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Rated "M" For Mushy

If you had a pulse in 1983, then you are already aware of the Journey song “Faithfully.” For those of you less fortunate, or who have lived under a rock or in outer space for various periods of time including 1983, let me fill you in: the Journey song “Faithfully” was quite popular in 1983.

With me? Good. I’ll move on.

Flash forward to Tuesday night. I had just pulled six days of long hours and late nights at work. Now, I love my job. Sometimes you have to do what it takes to get things done. I understand that, and was glad to do it. But the fact remains: I did not see my family for any reasonable or meaningful stretch of time for six days.
I got home at about eleven. My wife was waiting up for me, watching TV. To give you an idea of how tired she was – looking after a nineteen-month-old 24/7 by yourself for six days will do that to you – let me just say that the channels were flipping, but she wasn’t really watching. I could DEFINITELY relate.

But that’s not nearly as important as how she looked to me. I fell in love with her all over again in the space of about three minutes. She had no idea she was having this effect; most likely she was thinking about nothing in particular, the way you do when you’re halfway between Earth and Dreamland.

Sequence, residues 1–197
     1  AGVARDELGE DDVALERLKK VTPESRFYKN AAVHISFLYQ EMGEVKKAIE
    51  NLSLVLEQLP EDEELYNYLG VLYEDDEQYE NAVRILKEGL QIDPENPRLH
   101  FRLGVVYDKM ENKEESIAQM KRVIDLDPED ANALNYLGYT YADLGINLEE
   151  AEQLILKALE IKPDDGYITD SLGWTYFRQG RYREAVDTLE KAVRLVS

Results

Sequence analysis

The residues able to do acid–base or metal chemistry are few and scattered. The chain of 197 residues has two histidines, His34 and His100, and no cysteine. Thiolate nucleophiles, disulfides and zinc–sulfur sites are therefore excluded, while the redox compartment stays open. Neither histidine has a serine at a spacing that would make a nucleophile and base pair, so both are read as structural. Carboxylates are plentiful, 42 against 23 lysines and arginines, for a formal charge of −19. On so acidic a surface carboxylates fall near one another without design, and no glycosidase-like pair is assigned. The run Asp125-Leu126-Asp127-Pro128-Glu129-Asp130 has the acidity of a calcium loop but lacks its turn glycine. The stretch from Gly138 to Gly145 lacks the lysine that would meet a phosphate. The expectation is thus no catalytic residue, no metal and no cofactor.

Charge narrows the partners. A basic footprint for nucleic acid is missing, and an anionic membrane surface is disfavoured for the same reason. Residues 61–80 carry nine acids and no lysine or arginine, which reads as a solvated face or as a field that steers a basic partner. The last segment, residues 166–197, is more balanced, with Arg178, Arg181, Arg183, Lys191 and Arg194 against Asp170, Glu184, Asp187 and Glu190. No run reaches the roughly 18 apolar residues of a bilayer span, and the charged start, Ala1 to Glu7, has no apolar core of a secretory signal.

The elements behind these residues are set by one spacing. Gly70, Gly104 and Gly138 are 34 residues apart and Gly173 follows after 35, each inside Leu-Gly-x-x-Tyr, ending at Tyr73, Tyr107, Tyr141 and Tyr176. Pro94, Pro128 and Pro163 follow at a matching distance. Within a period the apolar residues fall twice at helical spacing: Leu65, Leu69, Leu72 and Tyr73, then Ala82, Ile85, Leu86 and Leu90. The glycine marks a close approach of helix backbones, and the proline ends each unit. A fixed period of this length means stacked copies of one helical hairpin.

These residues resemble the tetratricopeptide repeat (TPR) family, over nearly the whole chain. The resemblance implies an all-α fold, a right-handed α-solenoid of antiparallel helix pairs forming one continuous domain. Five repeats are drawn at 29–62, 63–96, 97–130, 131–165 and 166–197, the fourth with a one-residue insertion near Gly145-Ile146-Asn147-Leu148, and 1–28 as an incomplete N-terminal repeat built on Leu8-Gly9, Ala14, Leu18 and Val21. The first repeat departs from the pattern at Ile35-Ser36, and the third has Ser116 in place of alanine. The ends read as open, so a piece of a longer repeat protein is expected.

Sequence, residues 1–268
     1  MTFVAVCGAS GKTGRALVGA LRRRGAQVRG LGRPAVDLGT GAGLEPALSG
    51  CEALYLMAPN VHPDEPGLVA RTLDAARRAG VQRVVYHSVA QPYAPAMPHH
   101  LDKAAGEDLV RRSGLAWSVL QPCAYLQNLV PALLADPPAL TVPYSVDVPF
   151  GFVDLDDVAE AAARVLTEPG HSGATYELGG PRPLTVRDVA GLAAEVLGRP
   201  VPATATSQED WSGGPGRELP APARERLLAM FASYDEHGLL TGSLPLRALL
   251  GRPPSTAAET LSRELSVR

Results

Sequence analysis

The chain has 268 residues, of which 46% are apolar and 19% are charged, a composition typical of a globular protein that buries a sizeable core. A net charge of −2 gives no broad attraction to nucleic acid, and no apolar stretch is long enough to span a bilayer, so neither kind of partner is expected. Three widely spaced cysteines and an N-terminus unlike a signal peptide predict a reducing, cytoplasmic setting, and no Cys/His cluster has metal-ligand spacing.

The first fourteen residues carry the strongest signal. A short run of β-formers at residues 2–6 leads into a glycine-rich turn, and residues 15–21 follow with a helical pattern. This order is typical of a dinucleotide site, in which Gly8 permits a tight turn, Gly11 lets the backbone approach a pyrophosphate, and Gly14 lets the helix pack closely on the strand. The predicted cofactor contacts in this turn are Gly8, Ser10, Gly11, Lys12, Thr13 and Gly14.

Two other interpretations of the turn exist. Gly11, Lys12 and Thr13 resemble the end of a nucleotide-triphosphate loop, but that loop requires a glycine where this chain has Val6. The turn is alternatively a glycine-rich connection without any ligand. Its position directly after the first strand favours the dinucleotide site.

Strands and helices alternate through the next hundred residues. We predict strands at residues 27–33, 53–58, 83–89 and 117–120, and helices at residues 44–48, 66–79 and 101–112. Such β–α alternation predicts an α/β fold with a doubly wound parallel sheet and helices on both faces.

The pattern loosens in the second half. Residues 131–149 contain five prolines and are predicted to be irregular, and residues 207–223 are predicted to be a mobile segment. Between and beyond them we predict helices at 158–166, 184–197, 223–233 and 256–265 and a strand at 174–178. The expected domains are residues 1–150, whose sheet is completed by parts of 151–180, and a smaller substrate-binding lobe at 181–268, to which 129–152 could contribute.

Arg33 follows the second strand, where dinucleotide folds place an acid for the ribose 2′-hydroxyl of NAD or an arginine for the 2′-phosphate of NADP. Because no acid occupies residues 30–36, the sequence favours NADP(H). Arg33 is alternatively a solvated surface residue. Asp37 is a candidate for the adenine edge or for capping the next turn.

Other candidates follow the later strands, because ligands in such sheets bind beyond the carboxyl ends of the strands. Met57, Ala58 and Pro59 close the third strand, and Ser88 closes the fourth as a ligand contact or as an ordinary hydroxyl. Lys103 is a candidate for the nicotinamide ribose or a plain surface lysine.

Flash forward again to the next morning. Whoa, there’s my son. I almost forgot I had one. He blurs into my line of sight. Blurs back out all smiles, giggles and precociousness. I chase him into the living room and throw myself down on the carpet. We play legos. We dance. We roll around. We trade cars and trucks. We wrestle. We make faces through the French door windowpanes.

And then, there it is. The moment. A father’s bliss; a moment we all live for. He pauses between the legos and trucks strewn willy-nilly, and falls to a sitting position, like toddlers do. His eyes lock into mine, followed by a huge smile full of fledgling teeth. He’s slightly out of breath. His mood is contagious. I feel it too.


That’s when the Journey song streaks across my mind like a wayward comet. There’s a line in there that I’ve always loved: “I get the joy of rediscovering you.”

Because it’s not about how busy you are. How flustered. How behind, rushing to catch up. It’s not about the mortgage, or the fence out back that needs mending. It’s not about the alternator that’s about to go out on the Nissan. Or the cell phone and TV bills being too high. It’s not about the work I spent six days doing.

It’s about that light in my son’s eye. That beauty I find only in my wife. And rediscovering it after a long time away.

That’s the stuff.


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